An RMIT Vietnam student has developed a virtual reality project that puts users in the shoes of dyslexic people.
Intended to raise awareness of the reading disorder, Phan Hoang Thai Chau’s Dyslexic City lets users experience the difficulties faced by dyslexic people in recognising street signs and finding directions.
The Bachelor of Design (Digital Media) student explained: “Dyslexia is a learning disorder, characterized by difficulties in manipulating letters, characters, in other cases mathematical symbols despite normal intelligence.”
“I saw the connection between the possibilities that virtual reality (VR) technology can offer and the difficulties dyslexic people have in recognising words,” Chau said.
“VR can provide users with different perspectives about shapes and images.”
Dyslexic City, one of Chau’s projects in the Advanced Interaction Design course, led to an opportunity for her to spend one week experiencing the latest augmented reality and virtual reality technologies at Auckland University of Technology in New Zealand.
School of Communication & Design Associate Lecturer Ondris Pui said that Chau was selected by the University’s Centre of Digital Excellence because her project effectively combined technology with art to address a societal need.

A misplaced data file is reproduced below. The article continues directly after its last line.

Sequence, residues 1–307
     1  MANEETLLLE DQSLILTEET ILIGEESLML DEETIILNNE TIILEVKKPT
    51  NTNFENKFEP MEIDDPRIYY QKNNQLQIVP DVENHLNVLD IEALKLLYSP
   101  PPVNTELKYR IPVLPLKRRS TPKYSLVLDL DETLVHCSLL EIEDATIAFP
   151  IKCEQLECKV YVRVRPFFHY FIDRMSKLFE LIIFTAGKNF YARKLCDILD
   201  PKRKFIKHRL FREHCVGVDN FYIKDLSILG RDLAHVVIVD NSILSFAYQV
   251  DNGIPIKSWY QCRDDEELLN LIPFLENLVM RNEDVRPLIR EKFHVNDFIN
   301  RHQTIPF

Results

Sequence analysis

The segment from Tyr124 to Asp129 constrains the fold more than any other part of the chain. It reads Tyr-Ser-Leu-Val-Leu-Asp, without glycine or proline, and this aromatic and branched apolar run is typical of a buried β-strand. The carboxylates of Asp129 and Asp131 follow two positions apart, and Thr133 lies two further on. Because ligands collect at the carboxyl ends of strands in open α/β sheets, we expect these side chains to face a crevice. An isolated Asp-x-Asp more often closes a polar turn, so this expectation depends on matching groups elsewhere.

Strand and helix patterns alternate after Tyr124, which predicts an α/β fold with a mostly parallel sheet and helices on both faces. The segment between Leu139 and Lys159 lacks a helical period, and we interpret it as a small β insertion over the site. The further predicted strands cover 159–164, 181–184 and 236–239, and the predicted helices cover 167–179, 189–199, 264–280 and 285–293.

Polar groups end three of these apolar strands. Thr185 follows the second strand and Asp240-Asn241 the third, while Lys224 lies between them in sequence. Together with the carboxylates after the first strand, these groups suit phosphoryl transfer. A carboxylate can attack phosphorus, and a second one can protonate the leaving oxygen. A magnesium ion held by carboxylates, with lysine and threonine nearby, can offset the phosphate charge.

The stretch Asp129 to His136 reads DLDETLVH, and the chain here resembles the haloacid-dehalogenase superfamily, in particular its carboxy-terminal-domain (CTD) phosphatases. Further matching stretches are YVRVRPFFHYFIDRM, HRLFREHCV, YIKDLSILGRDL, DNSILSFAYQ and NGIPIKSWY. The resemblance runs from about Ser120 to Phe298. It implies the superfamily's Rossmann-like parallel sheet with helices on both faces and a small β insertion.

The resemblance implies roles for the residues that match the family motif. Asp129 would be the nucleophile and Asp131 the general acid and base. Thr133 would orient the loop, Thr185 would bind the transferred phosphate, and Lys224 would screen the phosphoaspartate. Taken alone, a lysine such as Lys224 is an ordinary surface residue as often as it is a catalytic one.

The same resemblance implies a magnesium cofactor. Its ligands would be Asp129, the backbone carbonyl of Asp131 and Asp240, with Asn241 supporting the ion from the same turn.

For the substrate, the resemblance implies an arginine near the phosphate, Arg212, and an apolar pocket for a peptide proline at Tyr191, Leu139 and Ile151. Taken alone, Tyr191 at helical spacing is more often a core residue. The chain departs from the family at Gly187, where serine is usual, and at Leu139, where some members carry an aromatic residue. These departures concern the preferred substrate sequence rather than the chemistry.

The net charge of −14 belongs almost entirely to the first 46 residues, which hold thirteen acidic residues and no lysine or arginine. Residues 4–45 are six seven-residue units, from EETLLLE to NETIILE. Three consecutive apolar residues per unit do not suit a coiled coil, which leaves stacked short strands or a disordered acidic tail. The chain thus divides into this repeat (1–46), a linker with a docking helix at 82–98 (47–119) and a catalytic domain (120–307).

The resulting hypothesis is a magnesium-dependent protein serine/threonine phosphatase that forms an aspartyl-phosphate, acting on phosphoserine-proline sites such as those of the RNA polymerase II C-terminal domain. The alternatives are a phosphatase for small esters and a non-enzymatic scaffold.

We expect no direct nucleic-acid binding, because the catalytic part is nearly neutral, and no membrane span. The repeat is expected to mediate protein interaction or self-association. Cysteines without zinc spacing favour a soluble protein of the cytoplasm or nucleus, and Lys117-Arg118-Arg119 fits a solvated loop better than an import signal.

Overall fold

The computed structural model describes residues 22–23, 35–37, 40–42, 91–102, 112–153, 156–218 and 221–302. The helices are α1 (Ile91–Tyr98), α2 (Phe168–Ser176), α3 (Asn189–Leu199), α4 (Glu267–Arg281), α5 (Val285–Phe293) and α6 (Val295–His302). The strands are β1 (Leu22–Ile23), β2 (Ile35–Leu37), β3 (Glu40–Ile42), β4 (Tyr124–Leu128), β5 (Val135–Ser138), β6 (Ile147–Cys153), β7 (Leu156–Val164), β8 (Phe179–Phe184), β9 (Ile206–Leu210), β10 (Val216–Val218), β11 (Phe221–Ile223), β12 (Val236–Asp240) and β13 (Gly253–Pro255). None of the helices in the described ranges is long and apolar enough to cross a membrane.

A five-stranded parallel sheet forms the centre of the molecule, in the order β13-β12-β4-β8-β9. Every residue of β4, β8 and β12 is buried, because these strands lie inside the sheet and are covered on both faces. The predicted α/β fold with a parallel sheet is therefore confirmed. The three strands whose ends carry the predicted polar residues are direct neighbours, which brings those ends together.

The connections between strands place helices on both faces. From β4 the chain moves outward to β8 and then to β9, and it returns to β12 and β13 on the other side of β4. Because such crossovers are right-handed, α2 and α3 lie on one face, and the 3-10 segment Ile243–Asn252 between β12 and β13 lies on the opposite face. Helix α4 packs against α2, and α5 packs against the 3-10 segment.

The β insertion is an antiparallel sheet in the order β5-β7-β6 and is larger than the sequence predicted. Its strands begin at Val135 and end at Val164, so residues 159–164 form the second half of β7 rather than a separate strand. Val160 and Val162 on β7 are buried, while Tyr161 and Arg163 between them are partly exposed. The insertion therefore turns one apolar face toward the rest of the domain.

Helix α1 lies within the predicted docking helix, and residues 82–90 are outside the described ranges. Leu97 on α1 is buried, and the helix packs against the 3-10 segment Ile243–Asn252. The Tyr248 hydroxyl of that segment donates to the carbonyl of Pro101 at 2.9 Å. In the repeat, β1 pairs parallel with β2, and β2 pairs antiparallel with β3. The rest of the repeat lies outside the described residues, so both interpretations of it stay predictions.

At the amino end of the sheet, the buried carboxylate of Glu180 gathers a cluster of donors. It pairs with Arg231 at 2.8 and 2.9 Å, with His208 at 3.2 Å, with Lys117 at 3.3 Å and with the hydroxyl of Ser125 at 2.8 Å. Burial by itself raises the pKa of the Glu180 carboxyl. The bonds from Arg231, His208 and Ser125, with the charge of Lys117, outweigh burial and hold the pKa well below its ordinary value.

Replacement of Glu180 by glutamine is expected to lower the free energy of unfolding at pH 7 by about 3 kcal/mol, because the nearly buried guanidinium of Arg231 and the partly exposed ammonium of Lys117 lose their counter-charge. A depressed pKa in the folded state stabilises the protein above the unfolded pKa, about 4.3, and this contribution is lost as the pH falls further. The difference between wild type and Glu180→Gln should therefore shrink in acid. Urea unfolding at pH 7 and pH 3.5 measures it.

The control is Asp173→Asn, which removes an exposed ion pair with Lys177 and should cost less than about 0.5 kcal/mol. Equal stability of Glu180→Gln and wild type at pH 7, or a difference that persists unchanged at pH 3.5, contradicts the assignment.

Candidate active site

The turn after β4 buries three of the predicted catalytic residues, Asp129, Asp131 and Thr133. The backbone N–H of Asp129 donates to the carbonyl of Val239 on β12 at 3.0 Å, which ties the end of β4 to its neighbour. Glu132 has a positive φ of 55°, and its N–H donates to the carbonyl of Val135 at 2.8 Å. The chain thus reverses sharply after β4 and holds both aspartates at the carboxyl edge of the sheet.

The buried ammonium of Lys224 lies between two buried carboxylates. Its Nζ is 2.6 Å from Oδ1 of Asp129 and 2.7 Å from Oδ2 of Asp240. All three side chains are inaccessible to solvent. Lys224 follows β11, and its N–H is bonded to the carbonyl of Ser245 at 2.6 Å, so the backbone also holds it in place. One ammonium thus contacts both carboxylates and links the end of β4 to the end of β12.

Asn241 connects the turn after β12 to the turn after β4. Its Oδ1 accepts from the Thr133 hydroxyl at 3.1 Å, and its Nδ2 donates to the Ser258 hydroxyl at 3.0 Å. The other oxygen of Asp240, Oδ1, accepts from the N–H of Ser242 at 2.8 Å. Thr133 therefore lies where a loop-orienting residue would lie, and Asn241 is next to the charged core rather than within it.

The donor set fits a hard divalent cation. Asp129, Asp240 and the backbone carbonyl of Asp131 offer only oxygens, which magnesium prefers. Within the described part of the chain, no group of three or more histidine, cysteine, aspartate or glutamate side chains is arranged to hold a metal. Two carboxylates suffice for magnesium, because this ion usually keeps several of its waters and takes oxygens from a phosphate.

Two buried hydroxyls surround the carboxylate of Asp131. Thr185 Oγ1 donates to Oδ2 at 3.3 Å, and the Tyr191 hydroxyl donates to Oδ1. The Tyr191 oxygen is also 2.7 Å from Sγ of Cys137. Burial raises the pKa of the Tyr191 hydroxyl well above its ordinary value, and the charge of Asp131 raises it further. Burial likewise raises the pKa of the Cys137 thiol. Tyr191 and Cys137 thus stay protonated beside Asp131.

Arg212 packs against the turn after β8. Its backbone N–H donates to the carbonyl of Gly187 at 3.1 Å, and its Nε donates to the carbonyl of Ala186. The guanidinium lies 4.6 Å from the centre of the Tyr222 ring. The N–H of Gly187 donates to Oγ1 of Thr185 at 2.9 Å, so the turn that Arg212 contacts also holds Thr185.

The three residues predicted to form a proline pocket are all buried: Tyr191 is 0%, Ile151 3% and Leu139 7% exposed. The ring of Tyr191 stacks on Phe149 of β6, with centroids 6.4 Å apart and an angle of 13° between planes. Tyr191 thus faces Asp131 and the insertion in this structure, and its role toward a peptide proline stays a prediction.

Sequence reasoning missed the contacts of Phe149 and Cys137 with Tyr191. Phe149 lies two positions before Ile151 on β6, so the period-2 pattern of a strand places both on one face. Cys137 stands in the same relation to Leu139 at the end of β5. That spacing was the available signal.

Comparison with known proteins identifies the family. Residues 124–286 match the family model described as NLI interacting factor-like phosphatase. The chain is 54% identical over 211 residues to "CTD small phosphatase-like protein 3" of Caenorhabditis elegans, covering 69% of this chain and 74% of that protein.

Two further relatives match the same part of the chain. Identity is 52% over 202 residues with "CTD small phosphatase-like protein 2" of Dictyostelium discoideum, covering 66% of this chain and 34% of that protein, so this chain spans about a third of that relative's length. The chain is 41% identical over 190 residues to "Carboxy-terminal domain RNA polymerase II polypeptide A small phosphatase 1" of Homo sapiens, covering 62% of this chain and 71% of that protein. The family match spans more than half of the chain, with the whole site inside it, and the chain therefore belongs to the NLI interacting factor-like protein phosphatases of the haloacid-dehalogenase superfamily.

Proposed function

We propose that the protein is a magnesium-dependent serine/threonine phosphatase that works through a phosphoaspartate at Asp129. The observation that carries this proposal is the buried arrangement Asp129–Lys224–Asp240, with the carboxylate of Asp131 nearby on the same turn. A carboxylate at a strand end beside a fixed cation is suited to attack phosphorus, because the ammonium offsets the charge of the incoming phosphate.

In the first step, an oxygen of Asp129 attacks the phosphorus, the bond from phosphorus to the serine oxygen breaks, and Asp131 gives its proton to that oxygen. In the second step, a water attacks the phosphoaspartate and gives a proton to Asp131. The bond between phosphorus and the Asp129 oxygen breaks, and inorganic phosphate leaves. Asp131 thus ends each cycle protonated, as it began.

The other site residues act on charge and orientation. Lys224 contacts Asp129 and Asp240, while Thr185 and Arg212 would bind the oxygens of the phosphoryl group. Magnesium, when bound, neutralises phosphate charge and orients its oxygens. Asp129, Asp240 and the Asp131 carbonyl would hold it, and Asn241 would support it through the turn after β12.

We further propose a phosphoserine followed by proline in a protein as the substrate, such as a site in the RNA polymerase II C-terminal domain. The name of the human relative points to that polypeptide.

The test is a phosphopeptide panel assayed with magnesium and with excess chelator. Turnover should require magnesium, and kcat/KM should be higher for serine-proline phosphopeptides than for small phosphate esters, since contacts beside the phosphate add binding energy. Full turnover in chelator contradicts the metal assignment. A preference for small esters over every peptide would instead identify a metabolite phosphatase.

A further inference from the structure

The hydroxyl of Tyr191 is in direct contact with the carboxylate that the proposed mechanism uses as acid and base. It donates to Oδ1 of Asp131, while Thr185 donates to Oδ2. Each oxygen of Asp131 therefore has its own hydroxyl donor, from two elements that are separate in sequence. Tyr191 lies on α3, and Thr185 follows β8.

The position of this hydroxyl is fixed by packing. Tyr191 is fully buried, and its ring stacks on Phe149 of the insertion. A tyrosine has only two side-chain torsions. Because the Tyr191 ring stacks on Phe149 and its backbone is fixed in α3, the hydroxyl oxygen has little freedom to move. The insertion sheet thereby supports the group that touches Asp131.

“In Chau’s projects, augmented reality is used to assist dyslexic children with learning new vocabulary, while virtual reality is used to help users experience empathy, thereby generating awareness about dyslexia,” Mr Pui said.
About the project’s practical applications, Mr Pui said: “In the near future, we intend to let users download the app onto their mobile devices.”
“Coupled with low-cost VR viewers such as Google Cardboards, users are able to experience what dyslexia is.”
Chau thought the trip to New Zealand gave her a lot of confidence.
“I gained confidence when I found people not only appreciated the outlook of the project, but also how I generated the idea and my intention behind it,” Chau said.
“I want to spread awareness about dyslexia in Vietnam. Students with dyslexia are as intelligent as others, and they just need a little help from the community,” Chau emphasised while putting the finishing touches on Dyslexic City.
Story: Hoang Ha